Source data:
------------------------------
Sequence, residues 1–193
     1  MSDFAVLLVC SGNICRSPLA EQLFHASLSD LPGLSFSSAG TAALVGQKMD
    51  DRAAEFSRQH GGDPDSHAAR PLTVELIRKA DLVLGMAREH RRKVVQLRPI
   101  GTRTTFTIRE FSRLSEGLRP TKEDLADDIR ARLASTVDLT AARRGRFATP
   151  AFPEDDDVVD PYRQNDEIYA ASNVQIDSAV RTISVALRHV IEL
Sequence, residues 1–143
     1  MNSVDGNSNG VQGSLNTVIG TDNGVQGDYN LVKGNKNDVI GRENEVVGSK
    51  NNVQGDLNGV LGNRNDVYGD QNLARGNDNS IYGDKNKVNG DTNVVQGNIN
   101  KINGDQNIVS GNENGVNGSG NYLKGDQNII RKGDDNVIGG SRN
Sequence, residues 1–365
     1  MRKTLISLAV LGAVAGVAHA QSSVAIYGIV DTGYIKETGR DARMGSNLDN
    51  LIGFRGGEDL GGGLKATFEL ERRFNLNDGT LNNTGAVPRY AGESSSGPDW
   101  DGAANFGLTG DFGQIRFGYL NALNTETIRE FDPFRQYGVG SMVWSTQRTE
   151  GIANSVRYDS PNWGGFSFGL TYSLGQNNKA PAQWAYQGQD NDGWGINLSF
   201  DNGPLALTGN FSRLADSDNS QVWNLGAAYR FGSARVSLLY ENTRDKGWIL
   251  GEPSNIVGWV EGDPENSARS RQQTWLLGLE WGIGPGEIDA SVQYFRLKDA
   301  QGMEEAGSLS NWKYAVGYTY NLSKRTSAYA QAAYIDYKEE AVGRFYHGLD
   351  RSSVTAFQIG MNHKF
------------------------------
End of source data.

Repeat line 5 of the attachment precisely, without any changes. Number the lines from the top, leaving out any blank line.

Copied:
   151  AFPEDDDVVD PYRQNDEIYA ASNVQIDSAV RTISVALRHV IEL